Sponsors of health care price and quality transparency initiatives often identify all consumers as their target audiences, but the true audiences for these programs are much more limited. In 2007, only 11 percent of American adults looked for a new primary care physician, 28 percent needed a new specialist physician
In fee-for-service Medicare, the dispersion of patients’ care among multiple physicians will limit the effectiveness of pay-for-performance initiatives that rely on a single retrospective method of assigning responsibility for patient care.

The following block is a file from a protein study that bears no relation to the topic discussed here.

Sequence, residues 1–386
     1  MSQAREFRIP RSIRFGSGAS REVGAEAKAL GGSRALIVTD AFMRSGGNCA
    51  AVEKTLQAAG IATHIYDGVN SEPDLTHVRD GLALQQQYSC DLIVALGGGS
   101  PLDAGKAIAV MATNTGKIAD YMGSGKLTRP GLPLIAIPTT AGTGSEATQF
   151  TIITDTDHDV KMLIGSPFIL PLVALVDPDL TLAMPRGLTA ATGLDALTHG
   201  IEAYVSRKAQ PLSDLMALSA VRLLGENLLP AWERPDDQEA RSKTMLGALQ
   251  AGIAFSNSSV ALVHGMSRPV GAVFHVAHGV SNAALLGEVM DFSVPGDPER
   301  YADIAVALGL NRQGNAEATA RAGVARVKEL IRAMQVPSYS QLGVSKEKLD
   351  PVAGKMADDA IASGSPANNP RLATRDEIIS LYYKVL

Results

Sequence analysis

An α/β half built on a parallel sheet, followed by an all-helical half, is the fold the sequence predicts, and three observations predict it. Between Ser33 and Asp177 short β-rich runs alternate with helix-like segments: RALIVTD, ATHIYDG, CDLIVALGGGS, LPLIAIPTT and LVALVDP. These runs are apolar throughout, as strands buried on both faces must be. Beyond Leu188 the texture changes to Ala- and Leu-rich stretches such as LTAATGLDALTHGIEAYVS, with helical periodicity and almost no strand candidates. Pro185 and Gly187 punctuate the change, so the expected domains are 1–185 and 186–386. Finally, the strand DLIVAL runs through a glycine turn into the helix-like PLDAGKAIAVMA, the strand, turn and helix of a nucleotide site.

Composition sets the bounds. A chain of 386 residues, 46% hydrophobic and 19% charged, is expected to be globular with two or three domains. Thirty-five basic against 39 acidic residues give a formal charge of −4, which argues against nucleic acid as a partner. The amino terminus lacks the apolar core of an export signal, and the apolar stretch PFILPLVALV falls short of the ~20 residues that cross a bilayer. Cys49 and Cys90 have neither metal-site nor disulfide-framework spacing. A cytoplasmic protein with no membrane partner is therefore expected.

Findings: PCPs vary in their threshold for referring a patient, which results in both the underuse and the overuse of specialists. Many referrals do not include a transfer of information, either to or from the specialist; and when they do, it often contains insufficient data for medical decision making. Care across the primary-specialty interface
Conclusions. PCPs’ referral decisions are influenced by a complex mix of patient, physician, and health care system structural characteristics. Factors associated with more discretionary referrals may lower PCPs’ thresholds for referring problems that could have been managed in their entirety within primary care settings.